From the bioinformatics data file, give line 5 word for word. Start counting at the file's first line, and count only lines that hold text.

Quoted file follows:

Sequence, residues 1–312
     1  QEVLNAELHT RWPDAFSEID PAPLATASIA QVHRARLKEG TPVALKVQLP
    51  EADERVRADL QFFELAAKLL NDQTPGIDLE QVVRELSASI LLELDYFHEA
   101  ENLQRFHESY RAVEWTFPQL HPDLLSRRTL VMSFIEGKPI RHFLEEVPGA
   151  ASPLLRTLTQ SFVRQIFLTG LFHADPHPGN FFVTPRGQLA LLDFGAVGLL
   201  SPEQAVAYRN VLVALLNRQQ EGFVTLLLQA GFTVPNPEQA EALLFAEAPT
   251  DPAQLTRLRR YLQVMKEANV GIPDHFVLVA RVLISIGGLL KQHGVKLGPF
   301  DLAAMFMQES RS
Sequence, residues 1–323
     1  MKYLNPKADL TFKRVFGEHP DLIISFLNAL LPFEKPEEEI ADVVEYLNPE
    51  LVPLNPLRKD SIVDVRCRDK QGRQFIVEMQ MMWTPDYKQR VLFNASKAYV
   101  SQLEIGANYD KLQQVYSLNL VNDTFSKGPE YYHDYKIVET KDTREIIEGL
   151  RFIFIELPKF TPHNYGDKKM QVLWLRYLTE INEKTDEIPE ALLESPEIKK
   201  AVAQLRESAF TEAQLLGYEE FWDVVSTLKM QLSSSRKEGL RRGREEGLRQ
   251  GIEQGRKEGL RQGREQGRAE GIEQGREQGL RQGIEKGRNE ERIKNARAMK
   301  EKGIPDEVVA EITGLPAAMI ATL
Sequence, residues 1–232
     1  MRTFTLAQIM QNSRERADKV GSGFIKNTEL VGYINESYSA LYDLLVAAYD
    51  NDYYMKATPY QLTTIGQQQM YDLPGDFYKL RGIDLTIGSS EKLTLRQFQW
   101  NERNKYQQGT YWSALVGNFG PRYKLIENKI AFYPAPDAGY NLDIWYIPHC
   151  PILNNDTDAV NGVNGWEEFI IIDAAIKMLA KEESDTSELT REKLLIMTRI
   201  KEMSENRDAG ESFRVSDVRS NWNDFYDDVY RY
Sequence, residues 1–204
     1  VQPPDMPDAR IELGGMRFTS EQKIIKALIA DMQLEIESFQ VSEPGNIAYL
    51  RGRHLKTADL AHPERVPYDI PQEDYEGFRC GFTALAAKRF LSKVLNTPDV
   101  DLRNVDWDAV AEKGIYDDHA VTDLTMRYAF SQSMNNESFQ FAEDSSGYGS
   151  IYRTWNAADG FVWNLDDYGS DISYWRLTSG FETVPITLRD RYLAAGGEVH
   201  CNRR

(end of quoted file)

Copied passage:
   151  ASPLLRTLTQ SFVRQIFLTG LFHADPHPGN FFVTPRGQLA LLDFGAVGLL